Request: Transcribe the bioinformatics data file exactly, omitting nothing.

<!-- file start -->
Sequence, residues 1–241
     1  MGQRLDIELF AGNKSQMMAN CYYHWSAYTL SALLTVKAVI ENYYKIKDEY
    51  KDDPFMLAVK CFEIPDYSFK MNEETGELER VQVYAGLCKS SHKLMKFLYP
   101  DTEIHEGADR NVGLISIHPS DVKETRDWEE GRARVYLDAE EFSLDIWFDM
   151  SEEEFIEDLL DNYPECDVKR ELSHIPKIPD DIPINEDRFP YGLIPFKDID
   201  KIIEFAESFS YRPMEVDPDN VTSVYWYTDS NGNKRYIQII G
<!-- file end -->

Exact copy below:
Sequence, residues 1–241
     1  MGQRLDIELF AGNKSQMMAN CYYHWSAYTL SALLTVKAVI ENYYKIKDEY
    51  KDDPFMLAVK CFEIPDYSFK MNEETGELER VQVYAGLCKS SHKLMKFLYP
   101  DTEIHEGADR NVGLISIHPS DVKETRDWEE GRARVYLDAE EFSLDIWFDM
   151  SEEEFIEDLL DNYPECDVKR ELSHIPKIPD DIPINEDRFP YGLIPFKDID
   201  KIIEFAESFS YRPMEVDPDN VTSVYWYTDS NGNKRYIQII G